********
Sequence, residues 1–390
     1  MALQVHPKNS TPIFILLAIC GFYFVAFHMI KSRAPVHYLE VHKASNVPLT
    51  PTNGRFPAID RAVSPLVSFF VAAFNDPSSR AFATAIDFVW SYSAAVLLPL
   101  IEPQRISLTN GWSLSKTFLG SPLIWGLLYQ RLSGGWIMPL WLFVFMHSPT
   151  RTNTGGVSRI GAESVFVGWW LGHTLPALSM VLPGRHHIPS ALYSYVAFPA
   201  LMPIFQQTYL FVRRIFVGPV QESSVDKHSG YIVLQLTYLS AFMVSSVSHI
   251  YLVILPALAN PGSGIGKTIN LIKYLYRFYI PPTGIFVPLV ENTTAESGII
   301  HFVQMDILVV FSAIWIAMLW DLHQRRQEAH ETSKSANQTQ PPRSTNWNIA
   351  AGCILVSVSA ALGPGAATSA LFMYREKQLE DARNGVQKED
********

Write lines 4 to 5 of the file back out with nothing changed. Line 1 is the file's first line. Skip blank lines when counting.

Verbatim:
   101  IEPQRISLTN GWSLSKTFLG SPLIWGLLYQ RLSGGWIMPL WLFVFMHSPT
   151  RTNTGGVSRI GAESVFVGWW LGHTLPALSM VLPGRHHIPS ALYSYVAFPA